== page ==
Happiness and Elation


aviators2_icon.gif eileen_icon.gif

Scene Title Happiness and Elation
Synopsis Eileen's parole officer checks in to issue a warning about straightening up and flying right, no pun intended.
Date January 27, 2010

Fort Greene — Eileen's Apartment

Original hardwood floors and a pair of French doors painted black are the most prominent features of the living space, which has been sparsely furnished with loveseat, cozy chaise, built-in bookshelves and various pieces of smaller furniture to make it feel like more of a home, including a dining table for two and claw-foot chairs. The walls, like the radiator, have been painted white to contrast with the rich colour of the floors and the cabinetry in the modest kitchen, just large enough to fit one person comfortably.

The French doors separate the bedroom from the rest of the apartment. Like the living room and kitchen, it has been decorated with simplicity in mind. The bed itself is a queen-sized platform that takes up most of the space and is covered in a white goose feather comforter for warmth in the winter. A steamer trunk filled with clothes sits at the foot of the bed in lieu of a dresser — there just isn't enough room for anything else except for an antique vanity, its mirror badly water-stained and in dire need of repair or replacement.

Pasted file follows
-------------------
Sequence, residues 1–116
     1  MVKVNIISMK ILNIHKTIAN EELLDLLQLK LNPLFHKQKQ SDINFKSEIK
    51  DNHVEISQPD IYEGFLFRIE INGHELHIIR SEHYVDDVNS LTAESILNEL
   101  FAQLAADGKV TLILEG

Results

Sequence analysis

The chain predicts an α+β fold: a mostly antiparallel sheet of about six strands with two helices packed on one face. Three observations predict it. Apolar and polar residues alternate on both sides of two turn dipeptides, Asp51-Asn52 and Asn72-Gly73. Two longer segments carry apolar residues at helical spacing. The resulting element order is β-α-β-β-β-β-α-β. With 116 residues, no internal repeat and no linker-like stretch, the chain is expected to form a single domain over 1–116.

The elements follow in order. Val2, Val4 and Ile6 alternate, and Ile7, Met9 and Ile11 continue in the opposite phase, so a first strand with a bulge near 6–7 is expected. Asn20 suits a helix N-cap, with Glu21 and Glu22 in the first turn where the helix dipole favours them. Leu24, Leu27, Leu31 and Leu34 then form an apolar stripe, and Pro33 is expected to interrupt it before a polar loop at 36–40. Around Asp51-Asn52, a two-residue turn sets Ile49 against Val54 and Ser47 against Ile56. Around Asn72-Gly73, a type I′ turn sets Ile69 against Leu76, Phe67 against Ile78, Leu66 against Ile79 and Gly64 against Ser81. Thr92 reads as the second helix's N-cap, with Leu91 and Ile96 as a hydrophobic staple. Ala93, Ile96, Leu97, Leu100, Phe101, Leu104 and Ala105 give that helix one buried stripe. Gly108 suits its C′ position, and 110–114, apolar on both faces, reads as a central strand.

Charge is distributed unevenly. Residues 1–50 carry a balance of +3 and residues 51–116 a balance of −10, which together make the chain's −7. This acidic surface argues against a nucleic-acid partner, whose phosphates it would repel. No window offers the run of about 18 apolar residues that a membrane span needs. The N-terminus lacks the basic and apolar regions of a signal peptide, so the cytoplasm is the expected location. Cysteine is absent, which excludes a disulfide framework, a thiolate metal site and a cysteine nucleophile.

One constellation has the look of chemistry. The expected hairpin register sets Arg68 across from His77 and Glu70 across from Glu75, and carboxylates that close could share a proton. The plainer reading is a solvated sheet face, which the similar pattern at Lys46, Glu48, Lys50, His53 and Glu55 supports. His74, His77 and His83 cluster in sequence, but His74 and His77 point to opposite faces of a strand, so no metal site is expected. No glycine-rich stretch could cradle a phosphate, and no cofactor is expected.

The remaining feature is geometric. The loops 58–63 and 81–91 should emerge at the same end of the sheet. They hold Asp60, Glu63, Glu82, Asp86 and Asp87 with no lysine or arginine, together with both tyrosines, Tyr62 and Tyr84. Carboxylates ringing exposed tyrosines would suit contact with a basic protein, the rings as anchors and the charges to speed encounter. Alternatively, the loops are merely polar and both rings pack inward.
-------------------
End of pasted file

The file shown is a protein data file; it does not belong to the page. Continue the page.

Everybody needs a hobby. Laid open on the dining room table beside the textbooks Eileen purchased for her first semester at Columbia University during her last visit to Morningside Heights is The Complete Guide to Flower Arranging. The smell of lilacs and baby's breath mingles with the underlying aromas of cheap cigarette smoke, steeping tea and the young woman's perfume, which is itself a blend of Turkish rose oil and cedar infused with myrrh, and as she maneuvers a pair of scissors with a porcelain handle to snip through a stubborn cluster of stems, she struggles to divide her attention between what she's doing and the vibrant illustrations instructing her how to do it.

In the background, rain patters against the pane glass windows and obstructs the flow of sunlight, creating unusual patterns that shift kaleidoscope-like across the bare skin of her neck, arms and face. Buffeting wind battles the static hiss and pop of her radio for auditory supremacy, but if one listens closely enough — and Eileen is — it's possible to make out the sound of classical music struggling to be heard above the ambient noise.

Apparently, this is what life is supposed to be like.

It's a contented scene at the least, even if viewed through the crack of a space between the bathroom door and its frame. The hinges are well-oiled, they don't squeak when it moves, and his footsteps don't make any appreciable noise over the sound of the rain and the radio. Eileen's silhouette is a narrow one in that chair, all slender shoulders and tangled, dark locks. The diffuse gray light cast through the windows of the apartment. He knows he shouldn't really be here, not stalking up behind her like this, or peering over the frames of his sunglasses at the back of her head.

It's strange to think he could just reach out and snap her neck with these hands right now, and no one would ever have known he was here. But, while the thought does have some merits in the darker corners of his mind, the broad-shouldered and looming male silhouette behind Eileen's chair is prone to do something equally frightening, yet far less lethal. "Pressing wildflowers?"

Give her a scare.